And someone said to him, “Lord, will those who are saved be few?” And he said to them, “Strive to enter through the narrow door. For many, I tell you, will seek to enter and will not be able.When once the master of the house has risen and shut the door, and you begin to stand outside and to knock at the door, saying, ‘Lord, open to us,’ then he will answer you, ‘I do not know where you come from.’ —Luke 13:23-25
We see in these verses a remarkable question asked. We are told that a certain man said to our Lord, “Are there few that be saved?”
We do not know who this enquirer was. He may have been a self-righteous Jew, trained to believe that there was no hope for the uncircumcised, and no salvation for any but the children of Abraham. He may have been an idle trifler with religion, who was ever wasting his time on curious and speculative questions. In any case, we must all feel that he asked a question of deep and momentous importance.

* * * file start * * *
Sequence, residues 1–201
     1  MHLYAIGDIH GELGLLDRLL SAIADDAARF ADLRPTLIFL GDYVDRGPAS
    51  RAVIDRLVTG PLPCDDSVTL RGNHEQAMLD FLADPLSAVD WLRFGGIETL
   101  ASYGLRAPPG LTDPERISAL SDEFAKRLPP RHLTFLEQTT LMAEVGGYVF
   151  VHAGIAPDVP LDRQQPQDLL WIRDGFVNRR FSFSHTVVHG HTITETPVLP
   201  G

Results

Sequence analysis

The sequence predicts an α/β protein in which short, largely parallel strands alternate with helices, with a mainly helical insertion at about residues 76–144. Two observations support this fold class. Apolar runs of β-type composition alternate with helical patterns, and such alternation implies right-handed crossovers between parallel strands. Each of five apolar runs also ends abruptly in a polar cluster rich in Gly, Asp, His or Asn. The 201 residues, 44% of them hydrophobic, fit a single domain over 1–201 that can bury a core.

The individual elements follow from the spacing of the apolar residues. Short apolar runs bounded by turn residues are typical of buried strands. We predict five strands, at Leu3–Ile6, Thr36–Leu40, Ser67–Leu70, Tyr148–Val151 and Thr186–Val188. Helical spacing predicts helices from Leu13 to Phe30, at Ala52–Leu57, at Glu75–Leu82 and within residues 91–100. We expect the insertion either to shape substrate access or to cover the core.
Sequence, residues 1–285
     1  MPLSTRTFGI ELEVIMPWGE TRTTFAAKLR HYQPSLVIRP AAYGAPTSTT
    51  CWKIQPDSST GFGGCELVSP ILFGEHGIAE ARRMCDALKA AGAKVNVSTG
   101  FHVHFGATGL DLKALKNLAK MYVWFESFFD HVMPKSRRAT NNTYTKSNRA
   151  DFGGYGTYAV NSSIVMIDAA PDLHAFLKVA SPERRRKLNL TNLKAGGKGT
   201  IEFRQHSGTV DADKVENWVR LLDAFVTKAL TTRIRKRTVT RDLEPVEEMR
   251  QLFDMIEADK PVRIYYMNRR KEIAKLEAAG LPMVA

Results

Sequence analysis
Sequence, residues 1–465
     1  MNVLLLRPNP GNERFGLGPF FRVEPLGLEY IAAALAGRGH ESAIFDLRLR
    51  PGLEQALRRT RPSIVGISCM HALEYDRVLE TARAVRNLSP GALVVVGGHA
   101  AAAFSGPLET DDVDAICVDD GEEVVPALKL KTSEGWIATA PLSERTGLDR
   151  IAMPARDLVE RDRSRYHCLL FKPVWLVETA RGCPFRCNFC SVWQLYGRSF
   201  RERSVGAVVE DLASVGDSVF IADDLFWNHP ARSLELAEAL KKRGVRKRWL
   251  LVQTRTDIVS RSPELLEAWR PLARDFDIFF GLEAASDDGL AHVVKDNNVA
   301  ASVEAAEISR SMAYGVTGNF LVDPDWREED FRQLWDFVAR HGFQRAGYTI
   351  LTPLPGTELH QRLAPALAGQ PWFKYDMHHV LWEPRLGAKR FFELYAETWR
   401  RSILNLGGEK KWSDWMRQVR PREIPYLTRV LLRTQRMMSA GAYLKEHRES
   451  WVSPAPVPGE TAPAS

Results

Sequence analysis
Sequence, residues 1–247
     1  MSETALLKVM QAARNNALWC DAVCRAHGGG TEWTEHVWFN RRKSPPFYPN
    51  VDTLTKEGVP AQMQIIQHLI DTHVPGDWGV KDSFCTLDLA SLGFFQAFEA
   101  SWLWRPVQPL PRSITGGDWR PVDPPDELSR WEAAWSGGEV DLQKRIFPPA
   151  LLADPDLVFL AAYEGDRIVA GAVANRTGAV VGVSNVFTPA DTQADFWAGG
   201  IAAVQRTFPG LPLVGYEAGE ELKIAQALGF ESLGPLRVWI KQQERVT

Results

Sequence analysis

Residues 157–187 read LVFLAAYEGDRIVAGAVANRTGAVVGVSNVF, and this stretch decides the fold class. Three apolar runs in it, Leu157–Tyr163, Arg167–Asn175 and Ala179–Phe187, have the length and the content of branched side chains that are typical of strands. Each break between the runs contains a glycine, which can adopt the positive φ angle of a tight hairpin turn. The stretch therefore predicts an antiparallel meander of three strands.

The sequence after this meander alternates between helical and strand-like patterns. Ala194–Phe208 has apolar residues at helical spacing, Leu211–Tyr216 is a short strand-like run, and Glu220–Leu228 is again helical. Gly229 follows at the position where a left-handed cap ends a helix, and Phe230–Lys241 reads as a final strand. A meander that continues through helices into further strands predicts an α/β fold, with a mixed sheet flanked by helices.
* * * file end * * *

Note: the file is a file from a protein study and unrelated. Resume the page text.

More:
He that desires to know the number of the saved, in the present dispensation, need only turn to the Bible, and his curiosity will be satisfied. He will read in the sermon on the mount these solemn words, “Strait is the gate and narrow is the way that leads unto life, and few there be that find it.” (Matt. 7:14.)–He has only to look around him, and compare the ways of the many with the word of God, and he will soon come to the conclusion, if he is an honest man, that the saved are few. It is a dreadful conclusion. Our souls naturally turn away from it. But Scripture and facts alike combine to shut us up to it. Salvation to the uttermost is offered to men. All things are ready on God’s part. Christ is willing to receive sinners. But sinners are not willing to come to Christ. And hence few are saved.